The surpassing grace of God is seen very clearly, in that we were not only sought—but sought out. Men seek for a thing which is lost upon the floor of the house—but in such a case there is only seeking, not seeking out. The loss is more perplexing and the search more persevering, when a thing is sought out. We were mingled with the mire—we were as when some precious jewel falls into the sewer, and men gather out and carefully inspect a mass of abominable filth, and continue to stir and rake, and search among the heap until the treasure is found. Or, to use another figure, we were lost in a labyrinth; we wandered hither and there, and when mercy came after us with the gospel, it did not find us at the first coming, it had to search for us and seek us out; for we as lost sheep, were so desperately lost, and had wandered into such a strange country, that it did not seem possible that even the Good Shepherd should track our devious roamings. Glory be to unconquerable grace, we were sought out! No gloom could hide us, no filthiness could conceal us, we were found and brought home! Glory be to infinite love, God the Holy Spirit restored us!

The lives of some of God’s people, if they could be written—would fill us with holy astonishment. Strange and marvelous are the ways which God used in their case to find His own. Blessed be His name, He never relinquishes the search—until the chosen are sought out effectually. They are not a people sought today and cast away tomorrow. Almightiness and wisdom combined will make no failures, they shall be called, “Sought out!” That any should be sought out is matchless grace—but that we should be sought out—is grace beyond degree! We can find no reason for it—but God’s own sovereign love; and can only lift up our heart in wonder, and praise the Lord that this night we wear the name of “Sought out.”

Our Quiet and Confident Habitation in God

C. H. Spurgeon

This Morning’s Meditation

“You have made the Lord, who is my refuge, even the Most High, your dwelling place.” Psalm 91:9

The Israelites in the wilderness were continually exposed to change. Whenever the pillar stopped its motion, the tents were pitched; but tomorrow, before the morning sun had risen, the trumpet sounded, the ark was in motion, and the fiery, cloudy pillar was leading the way through the narrow paths of the mountain, up the hillside, or along the arid waste of the wilderness. They had scarcely time to rest a little, before they heard the sound of “Away! this is not your rest; you must still be onward journeying towards Canaan!” They were never long in one place. Even wells and palm trees could not detain them. Yet they had an abiding home in their God, His cloudy pillar was their roof-tree, and its flame by night their household fire. They must go onward from place to place, continually changing, never having time to settle, and to say, “Now we are secure—in this place we shall dwell.” “Yet,” says Moses, “though we are always changing, Lord, you have been our dwelling-place throughout all generations.”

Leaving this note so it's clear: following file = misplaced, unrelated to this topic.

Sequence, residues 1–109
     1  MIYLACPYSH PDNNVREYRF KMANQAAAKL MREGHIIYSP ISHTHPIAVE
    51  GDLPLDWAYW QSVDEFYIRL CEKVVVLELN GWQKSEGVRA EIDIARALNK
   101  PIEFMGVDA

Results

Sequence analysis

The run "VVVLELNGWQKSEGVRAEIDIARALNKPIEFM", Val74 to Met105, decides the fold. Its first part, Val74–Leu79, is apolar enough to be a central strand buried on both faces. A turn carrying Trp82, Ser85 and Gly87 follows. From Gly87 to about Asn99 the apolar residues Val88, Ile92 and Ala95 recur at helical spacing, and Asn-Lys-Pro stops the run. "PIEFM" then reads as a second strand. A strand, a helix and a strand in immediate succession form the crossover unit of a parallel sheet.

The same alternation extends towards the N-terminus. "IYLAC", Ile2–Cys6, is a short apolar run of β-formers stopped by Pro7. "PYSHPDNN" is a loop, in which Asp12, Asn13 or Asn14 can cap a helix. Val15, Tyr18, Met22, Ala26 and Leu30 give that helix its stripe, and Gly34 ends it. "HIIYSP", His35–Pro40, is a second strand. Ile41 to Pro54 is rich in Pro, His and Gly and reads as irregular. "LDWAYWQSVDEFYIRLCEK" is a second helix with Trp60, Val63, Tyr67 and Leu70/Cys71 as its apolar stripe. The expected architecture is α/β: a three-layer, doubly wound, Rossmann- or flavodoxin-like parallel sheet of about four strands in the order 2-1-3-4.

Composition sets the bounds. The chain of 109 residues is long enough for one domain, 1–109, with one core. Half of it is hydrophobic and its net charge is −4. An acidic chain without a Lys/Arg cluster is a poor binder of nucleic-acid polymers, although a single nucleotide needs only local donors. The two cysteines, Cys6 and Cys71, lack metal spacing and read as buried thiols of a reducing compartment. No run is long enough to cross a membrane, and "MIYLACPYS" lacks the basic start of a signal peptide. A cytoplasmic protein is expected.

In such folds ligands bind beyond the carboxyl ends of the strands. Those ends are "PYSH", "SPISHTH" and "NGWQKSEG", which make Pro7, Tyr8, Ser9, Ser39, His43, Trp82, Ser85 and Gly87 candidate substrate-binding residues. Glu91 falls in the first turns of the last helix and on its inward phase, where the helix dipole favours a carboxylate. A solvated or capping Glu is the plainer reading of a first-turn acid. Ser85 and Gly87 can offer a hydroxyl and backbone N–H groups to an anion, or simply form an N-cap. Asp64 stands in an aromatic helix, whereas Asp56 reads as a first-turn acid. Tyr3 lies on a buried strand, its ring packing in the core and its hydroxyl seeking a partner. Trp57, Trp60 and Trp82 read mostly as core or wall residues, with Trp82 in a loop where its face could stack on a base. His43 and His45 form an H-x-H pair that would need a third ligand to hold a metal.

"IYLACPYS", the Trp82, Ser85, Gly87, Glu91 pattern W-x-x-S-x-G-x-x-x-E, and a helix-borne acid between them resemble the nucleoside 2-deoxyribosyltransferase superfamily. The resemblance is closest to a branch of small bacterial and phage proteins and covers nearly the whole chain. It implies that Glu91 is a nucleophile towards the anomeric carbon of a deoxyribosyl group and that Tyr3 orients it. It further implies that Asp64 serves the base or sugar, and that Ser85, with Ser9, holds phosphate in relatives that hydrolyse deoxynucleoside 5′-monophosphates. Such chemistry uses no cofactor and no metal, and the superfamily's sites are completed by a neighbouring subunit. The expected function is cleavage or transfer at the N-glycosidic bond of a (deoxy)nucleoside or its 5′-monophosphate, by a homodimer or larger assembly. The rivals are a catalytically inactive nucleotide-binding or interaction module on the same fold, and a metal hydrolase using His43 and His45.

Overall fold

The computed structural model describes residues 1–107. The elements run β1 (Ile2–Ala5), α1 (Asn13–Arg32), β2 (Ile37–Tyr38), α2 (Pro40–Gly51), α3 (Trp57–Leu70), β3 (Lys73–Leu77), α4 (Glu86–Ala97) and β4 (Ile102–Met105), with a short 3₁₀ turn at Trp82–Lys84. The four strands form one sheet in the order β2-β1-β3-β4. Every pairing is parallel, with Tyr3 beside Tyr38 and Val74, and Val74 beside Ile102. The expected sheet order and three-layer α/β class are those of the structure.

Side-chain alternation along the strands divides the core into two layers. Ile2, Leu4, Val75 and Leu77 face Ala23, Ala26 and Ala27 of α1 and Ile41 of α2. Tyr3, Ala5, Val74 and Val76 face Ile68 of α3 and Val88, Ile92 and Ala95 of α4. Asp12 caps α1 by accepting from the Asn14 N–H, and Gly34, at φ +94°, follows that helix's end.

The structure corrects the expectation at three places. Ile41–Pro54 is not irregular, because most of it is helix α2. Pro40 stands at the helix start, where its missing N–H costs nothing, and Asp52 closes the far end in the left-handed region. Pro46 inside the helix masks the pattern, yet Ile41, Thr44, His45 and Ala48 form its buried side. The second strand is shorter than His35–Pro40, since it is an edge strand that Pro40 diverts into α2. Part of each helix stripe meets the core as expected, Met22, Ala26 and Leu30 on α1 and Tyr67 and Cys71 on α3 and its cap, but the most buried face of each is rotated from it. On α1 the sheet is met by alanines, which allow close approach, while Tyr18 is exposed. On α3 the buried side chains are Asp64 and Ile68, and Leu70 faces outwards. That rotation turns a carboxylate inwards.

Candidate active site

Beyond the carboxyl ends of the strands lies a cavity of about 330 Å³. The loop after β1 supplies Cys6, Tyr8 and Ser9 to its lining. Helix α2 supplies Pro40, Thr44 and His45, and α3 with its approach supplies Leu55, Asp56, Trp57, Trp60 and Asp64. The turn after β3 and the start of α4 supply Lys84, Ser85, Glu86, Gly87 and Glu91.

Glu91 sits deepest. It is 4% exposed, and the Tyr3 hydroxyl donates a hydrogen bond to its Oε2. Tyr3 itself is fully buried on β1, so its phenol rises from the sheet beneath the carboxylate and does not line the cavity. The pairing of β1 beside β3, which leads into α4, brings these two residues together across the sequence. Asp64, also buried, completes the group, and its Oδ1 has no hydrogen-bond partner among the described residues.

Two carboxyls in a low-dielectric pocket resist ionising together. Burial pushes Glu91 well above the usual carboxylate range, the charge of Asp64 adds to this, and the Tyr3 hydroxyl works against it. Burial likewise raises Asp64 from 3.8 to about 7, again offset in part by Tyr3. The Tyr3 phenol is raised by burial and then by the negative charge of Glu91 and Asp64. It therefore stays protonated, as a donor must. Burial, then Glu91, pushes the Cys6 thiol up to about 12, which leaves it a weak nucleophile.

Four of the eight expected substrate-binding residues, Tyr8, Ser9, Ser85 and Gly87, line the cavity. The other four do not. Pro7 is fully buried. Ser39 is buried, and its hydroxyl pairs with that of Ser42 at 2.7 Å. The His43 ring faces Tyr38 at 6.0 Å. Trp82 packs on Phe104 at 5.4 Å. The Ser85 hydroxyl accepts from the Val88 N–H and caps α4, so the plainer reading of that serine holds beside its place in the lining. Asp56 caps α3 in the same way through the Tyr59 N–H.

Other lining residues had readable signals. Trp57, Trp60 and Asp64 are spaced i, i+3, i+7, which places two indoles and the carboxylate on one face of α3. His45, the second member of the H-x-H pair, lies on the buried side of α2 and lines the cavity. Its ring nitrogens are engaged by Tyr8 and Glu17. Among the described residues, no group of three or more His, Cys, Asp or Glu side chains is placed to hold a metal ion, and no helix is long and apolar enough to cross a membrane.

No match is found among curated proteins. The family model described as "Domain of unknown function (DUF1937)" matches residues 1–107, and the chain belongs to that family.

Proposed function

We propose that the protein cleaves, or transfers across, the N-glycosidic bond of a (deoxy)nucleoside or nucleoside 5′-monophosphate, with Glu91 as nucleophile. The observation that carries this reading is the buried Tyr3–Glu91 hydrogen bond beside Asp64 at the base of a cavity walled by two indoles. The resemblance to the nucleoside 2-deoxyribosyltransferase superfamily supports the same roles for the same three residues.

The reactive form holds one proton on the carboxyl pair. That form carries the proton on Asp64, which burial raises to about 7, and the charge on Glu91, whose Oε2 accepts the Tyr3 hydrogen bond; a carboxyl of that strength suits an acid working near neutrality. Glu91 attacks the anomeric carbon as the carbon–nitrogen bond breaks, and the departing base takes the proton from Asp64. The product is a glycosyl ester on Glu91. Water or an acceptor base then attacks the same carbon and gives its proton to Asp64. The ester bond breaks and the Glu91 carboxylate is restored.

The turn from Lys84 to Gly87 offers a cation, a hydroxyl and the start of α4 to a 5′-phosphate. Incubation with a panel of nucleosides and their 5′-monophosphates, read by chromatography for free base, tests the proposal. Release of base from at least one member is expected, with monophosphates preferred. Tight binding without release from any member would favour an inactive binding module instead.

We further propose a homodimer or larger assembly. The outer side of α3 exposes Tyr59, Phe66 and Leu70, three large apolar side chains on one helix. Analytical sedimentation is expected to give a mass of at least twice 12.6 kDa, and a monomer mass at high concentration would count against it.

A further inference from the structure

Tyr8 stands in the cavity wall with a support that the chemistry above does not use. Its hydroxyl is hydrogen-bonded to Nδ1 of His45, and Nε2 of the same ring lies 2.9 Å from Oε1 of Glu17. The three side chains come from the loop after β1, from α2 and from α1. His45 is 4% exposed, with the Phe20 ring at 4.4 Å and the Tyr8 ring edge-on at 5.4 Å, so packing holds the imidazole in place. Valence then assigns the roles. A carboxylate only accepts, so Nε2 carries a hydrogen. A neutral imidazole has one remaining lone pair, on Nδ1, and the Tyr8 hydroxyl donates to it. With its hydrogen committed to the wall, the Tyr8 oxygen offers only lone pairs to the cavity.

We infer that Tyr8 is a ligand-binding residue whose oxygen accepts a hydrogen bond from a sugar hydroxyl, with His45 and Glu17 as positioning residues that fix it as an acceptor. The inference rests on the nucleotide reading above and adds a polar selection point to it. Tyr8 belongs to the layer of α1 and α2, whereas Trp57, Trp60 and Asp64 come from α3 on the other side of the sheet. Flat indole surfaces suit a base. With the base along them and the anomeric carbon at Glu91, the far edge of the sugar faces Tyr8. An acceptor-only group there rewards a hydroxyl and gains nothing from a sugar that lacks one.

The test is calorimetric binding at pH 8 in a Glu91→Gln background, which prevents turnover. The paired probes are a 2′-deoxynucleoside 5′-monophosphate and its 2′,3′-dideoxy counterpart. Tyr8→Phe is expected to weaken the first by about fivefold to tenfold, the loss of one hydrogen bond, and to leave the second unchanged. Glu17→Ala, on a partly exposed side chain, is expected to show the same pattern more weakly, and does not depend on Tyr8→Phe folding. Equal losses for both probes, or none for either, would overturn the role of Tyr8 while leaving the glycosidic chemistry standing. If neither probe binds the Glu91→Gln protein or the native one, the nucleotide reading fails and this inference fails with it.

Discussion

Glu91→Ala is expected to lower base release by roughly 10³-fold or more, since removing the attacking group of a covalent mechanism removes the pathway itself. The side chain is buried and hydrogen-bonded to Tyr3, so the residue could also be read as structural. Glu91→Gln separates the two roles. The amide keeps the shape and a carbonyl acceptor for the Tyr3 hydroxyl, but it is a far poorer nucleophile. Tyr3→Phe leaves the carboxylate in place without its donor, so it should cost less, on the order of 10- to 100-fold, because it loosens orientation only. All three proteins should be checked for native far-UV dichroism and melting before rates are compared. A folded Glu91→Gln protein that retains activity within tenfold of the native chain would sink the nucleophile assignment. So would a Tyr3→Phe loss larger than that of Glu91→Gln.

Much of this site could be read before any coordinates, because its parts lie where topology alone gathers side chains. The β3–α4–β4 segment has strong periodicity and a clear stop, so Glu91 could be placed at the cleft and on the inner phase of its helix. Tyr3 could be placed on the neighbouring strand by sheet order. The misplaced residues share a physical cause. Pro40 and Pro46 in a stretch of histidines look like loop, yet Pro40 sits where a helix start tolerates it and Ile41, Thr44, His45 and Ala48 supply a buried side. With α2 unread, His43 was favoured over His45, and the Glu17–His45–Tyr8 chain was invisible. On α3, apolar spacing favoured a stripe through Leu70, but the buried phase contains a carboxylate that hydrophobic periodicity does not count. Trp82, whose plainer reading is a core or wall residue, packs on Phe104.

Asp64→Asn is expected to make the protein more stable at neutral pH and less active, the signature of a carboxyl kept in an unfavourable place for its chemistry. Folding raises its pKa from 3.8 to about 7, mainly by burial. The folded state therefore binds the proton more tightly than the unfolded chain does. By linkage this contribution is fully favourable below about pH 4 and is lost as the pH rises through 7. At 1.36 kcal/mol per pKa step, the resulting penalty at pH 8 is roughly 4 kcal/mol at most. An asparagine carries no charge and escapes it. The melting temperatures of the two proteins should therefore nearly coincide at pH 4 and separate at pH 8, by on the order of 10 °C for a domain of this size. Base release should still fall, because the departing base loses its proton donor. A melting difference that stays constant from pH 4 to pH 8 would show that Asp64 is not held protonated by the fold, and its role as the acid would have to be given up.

The Christian knows no change with regard to God. He may be rich today and poor tomorrow; he may be sickly today and well tomorrow; he may be in happiness today, tomorrow he may be distressed—but there is no change with regard to his relationship to God. If He loved me yesterday, He loves me today. My unmoving mansion of rest is my blessed Lord. Let prospects be blighted; let hopes be blasted; let joy be withered; let mildews destroy everything; I have lost nothing of what I have in God. He is “my strong habitation whereunto I can continually resort.” I am a pilgrim in the world—but at home in my God. In the earth I wander—but in God I dwell in a quiet habitation.

Memories of Anita

I decided not to post either C. H. Spurgeon’s morning or evening devotional earlier today because they just didn’t feel right. I am going through a period during which God’s convicting spirit combined with amazing instruction from John Owen on holiness, sin, and temptation in the form of 3 books consolidated into 1 which can be found here. Owen’s writing is hard to read and requires much patience as it sometimes takes several passes over a paragraph before I am able to grasp the intended point.